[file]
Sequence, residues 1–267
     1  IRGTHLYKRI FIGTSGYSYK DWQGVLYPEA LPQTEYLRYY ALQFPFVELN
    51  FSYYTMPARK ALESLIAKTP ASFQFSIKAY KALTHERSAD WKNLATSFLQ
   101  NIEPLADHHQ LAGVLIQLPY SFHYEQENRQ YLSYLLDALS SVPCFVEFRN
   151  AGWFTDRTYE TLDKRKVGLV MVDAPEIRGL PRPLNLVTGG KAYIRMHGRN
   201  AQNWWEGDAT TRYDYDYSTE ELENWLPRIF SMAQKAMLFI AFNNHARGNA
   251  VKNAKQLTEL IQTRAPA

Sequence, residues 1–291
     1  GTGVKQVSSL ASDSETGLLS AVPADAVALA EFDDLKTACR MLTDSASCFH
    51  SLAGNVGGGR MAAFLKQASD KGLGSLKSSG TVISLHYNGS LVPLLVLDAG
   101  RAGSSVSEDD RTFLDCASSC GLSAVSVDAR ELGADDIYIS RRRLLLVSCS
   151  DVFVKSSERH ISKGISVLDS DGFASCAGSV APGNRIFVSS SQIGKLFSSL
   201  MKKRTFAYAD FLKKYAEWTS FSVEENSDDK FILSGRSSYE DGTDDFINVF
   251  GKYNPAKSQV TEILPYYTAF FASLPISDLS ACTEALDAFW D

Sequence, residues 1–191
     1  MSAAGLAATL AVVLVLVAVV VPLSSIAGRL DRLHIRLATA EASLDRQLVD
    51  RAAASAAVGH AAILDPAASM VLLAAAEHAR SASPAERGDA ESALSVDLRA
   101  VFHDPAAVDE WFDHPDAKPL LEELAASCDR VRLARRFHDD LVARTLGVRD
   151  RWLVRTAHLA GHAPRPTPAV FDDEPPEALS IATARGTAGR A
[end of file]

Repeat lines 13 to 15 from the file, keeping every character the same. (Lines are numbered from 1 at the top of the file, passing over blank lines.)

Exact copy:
   201  MKKRTFAYAD FLKKYAEWTS FSVEENSDDK FILSGRSSYE DGTDDFINVF
   251  GKYNPAKSQV TEILPYYTAF FASLPISDLS ACTEALDAFW D

Sequence, residues 1–191